The Red Badge of Courage The Red Badge of Courage is now universally recognized as a masterpiece, although when it first appeared in book form in 1896 (two months later in England than in the United States) it provoked mixed reactions. The English critics, in fact, brought it to the attention of the American public, which had generally ignored it. Those early readers who approved saw in it a “true and complete picture of war,” a book which “thrusts aside romantic machinery” in favor of dramatic action and photographic revelation. Its critics attacked it for what they considered its utter lack of literary form – its “absurd similes,” “bad grammar,” and “violent straining after effect.” Edward Garnett, however, praised its “perfect mastery of form,” and Conrad, who had known Crane, said in 1926 that The Red Badge of Courage was a “spontaneous piece of work which seems to spurt and flow like a tapped stream from the depths of the writer’s being,” and he found it “virile and full of gentle sympathy! ” while it was happily marred by no “declamatory sentiments.” Throughout the first four decades of the century the book was variously praised and condemned for its naturalism or “animalism,” its realism and its extraordinary style. V.
S. Pritchett, writing in 1946, may be said to represent the prevailing opinion when he declares that Crane’s “verisimilitude,” his grasp of “human feelings,” and his “dramatic scenes and portraits” give The Red Badge of Courage a place in the literature of war. It is only in the forties that serious literary analysis of the book begins. It had of course long been recognized that novels such as Zola’s La Debacle and Tolstoy’s Sevastopol and War and Peace had had some influence on Crane, and that he had made use of Battles and Leaders of the Civil War (which had first appeared serially in the Century Magazine) as well as accounts of particular campaigns; his brother William, for one thing, was an expert on the strategy of the Battle of Chancellorsville, and there are many parallels with this battle to be found in The Red Badge. But scholars like Pratt, Webster, Osborn, and Stallman began to call attention to the possible role played by less significant factors, like Crane’s personal acquaintance with General Van Petten, an instructor at Claverack College, who might have provided him with a first-hand account of the Battle of Antietam.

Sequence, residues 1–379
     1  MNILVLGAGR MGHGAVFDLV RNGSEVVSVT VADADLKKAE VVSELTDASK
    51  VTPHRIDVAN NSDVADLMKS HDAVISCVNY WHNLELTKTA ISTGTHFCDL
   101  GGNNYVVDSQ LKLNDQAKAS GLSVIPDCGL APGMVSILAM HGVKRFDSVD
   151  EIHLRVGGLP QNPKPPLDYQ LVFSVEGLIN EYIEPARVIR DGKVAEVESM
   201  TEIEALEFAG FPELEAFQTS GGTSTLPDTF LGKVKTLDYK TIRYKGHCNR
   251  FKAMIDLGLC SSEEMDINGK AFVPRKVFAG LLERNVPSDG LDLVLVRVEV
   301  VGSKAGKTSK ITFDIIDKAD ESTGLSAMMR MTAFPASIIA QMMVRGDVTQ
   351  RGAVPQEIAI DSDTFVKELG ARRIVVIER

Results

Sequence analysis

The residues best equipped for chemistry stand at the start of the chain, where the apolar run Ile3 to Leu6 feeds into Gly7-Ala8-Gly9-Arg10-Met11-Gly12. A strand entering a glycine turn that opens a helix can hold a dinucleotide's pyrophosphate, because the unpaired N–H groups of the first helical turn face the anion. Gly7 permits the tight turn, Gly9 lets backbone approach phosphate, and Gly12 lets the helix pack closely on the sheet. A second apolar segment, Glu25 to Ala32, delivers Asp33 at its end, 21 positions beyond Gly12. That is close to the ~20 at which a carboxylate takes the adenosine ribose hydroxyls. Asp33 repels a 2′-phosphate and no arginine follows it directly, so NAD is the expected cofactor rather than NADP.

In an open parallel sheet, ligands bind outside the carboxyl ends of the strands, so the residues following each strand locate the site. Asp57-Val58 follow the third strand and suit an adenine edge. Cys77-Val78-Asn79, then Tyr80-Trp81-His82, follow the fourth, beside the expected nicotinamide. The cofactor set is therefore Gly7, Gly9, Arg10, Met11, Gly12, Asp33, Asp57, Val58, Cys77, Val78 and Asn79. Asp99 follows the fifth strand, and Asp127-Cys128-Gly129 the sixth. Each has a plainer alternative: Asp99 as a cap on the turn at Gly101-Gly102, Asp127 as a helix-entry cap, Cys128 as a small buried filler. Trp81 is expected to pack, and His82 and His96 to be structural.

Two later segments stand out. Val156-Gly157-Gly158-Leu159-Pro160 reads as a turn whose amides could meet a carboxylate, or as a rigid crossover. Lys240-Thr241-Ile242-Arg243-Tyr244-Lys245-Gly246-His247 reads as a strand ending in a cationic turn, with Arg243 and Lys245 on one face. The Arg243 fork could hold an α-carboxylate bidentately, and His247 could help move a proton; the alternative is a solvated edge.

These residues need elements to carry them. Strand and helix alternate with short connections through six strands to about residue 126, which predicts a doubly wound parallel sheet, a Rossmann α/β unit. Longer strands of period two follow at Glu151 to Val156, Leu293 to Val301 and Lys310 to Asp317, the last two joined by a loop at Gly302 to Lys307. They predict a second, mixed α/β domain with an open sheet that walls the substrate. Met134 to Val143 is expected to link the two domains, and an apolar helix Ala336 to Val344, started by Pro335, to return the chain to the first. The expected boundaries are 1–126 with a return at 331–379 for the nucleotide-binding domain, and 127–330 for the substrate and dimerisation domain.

Crane may also have derived some less important conceptions from Civil War potboilers like Hinman’s C! orporal Si Klegg or Kirkland’s The Captain of Company K. Although Crane himself acknowledged an early influence by Kipling’s novels, it was S. C. Osborn who pointed out that the famous “red wafer” image at the close of Chapter 9 probably had its source in Kipling’s The Light That Failed, and who thereby inaugurated a discussion (maintained chiefly by R. W. Stallman) about the meaning of this image.
The “wafer” may be a wax sealing wafer or it may be, as Stallman suggests, an allusion to the Christian communion wafer, but it lies at the center of the controversy concerning the alleged Christian symbolism of the novel. Discussions of the structure and total meaning of the novel date from about 1950. John Schroeder believes that Crane has not achieved a successful accommodation of antithetical elements: “War as man- made blasphemy” is not “distinguishable from nature’s pattern of serene wisdom”; and he feels that the “putting off of the Old Man [by the youth] . . . is largely a matter of accident.” R.
W. Stallman, on the other hand, asserts that a consistent, meaningful pattern unifies the story. The Red Badge “is about the self – combat of a youth who fears and stubbornly resists change and spiritual growth. . .